West Virginia Bills Would Legalize Medical Marijuana; Foundation to Block Federal Prohibition

CHARLESTON, W. Va. (Mar. 9, 2017) – Two bills introduced in the West Virginia legislature would legalize medical marijuana in the state. If signed into law, the legislation would take another step toward nullifying the unconstitutional federal prohibition on cannabis in practice and effect.

Del. Mike Pushkin (D – Kanawha, 37) introduced House Bill 2677 (HB2677) and Sen. Richard Ojeda (D – Logan, 07) introduced Senate Bill 386 (SB386) along with 11 bipartisan co-sponsors. Each bill would promulgate rules and regulations to set up a functioning medical marijuana program in the Mountain State.

HB2677 would give access to medical marijuana for patients suffering from the following qualifying conditions:

"(A) Cancer, glaucoma, positive status for human immunodeficiency virus, acquired immune deficiency syndrome, hepatitis C, amyotrophic lateral sclerosis, Crohn’s disease, agitation of Alzheimer’s disease, Parkinson’s disease, post-traumatic stress disorder, depression, anxiety, addiction to opiates or amphetamines or the treatment of these conditions;

(B) A chronic or debilitating disease or medical condition or its treatment that produces one or more of the following: Cachexia or wasting syndrome; severe or chronic pain; severe nausea; seizures; or severe and persistent muscle spasms, including, but not limited to, those characteristic of multiple sclerosis; or

(C) Any other medical condition or its treatment added by the department, as provided in section six of this article."

Medical marijuana patients would be allowed to designate a caregiver under HB2677, which would permit another individual the legal authority to grow the plant on behalf of the qualifying patient, provided they were aged 21-or-older. Dispensaries, called “registered cannabis distribution center” in HB2677, would be permitted to operate as well provided that they comply with the tax and regulatory structure established under the legislation.

SB386 contains many similar provisions as HB2677. The legislation would give access to medical marijuana for patients suffering from the following qualifying conditions:

"(A) A chronic or debilitating disease or medical condition that results in a patient being admitted into hospice or receiving palliative care; or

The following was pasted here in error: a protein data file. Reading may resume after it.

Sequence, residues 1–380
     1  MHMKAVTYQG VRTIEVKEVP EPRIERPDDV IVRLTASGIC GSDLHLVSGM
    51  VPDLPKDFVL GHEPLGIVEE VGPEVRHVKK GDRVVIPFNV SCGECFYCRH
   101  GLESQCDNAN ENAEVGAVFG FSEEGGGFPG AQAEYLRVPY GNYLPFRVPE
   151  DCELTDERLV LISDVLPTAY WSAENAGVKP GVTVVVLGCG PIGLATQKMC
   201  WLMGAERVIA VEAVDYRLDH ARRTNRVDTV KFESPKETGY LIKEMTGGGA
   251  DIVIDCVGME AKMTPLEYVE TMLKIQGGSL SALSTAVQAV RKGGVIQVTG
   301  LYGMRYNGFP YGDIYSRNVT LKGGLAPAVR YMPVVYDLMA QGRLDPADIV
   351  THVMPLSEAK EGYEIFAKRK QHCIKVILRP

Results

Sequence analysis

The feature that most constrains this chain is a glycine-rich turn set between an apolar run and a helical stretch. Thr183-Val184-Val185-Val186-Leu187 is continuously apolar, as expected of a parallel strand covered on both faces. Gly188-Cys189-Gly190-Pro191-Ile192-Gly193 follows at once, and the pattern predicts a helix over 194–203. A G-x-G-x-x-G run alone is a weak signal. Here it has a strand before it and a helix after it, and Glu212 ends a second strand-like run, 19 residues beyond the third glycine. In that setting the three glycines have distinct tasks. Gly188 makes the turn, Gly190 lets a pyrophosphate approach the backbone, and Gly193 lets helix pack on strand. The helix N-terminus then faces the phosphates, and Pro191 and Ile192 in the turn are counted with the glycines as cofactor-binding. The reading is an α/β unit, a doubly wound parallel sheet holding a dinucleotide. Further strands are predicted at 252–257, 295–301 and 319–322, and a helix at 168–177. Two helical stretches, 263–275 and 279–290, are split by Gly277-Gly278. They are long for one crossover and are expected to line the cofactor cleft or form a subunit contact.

(B) A chronic or debilitating disease or medical condition or the treatment of a chronic or debilitating disease or medical condition that produces:

(i) Cachexia, anorexia, or wasting syndrome;

(ii) Severe or chronic pain that does not find effective relief through standard pain medication;

(iii) Severe nausea;

(iv) Seizures; or

(v) Severe or persistent muscle spasms."

Medical marijuana patients would be allowed to designate a caregiver under SB386, which would permit another individual the legal authority to grow the plant on behalf of the qualifying patient. Dispensaries would be permitted to operate as well provided that they comply with the tax and regulatory structure established under the legislation.

Despite the federal prohibition on marijuana, measures such as HB2677 and SB386 remain perfectly constitutional, and the feds can do little if anything to stop them in practice.

EFFECT ON FEDERAL PROHIBITION

If HB2677 and SB386 are signed into law, it would partially remove one layer of law prohibiting the possession and use of marijuana in West Virginia, but federal prohibition would remain in place.

Of course, the federal government lacks any constitutional authority to ban or regulate marijuana within the borders of a state, despite the opinion of the politically connected lawyers on the Supreme Court. If you doubt this, ask yourself why it took a constitutional amendment to institute federal alcohol prohibition.

While these West Virginia bills would not alter federal law, they would take a step toward nullifying in effect the federal ban. FBI statistics show that law enforcement makes approximately 99 of 100 marijuana arrests under state, not federal law. By easing the state laws, West Virginia would remove some of the basis for 99 percent of marijuana arrests.

Furthermore, figures indicate it would take 40 percent of the DEA’s yearly-budget just to investigate and raid all of the dispensaries in Los Angeles – a single city in a single state. That doesn’t include the cost of prosecution. The lesson? The feds lack the resources to enforce marijuana prohibition without state assistance.

A GROWING MOVEMENT

West Virginia could join a growing number of states simply ignoring federal prohibition, and nullifying it in practice. Colorado, Washington state, Oregon and Alaska have already legalized recreational cannabis with California, Nevada, Maine, and Massachusetts set to join them after ballot initiatives in favor of legalization were passed in those states earlier this month.

With more than two-dozen states allowing cannabis for medical use as well, the feds find themselves in a position where they simply can’t enforce prohibition any more.

“The lesson here is pretty straight forward. When enough people say, ‘No!’ to the federal government, and enough states pass laws backing those people up, there’s not much the feds can do to shove their so-called laws, regulations or mandates down our throats,” public policy analyst Michael Boldin said.

NEXT UP

HB2677 must be approved by the House Prevention and Treatment of Substance Abuse Committee while SB386 must be approved by the Senate Health and Human Resources Committee. The committees must approve the bills before they can receive full House and Senate votes.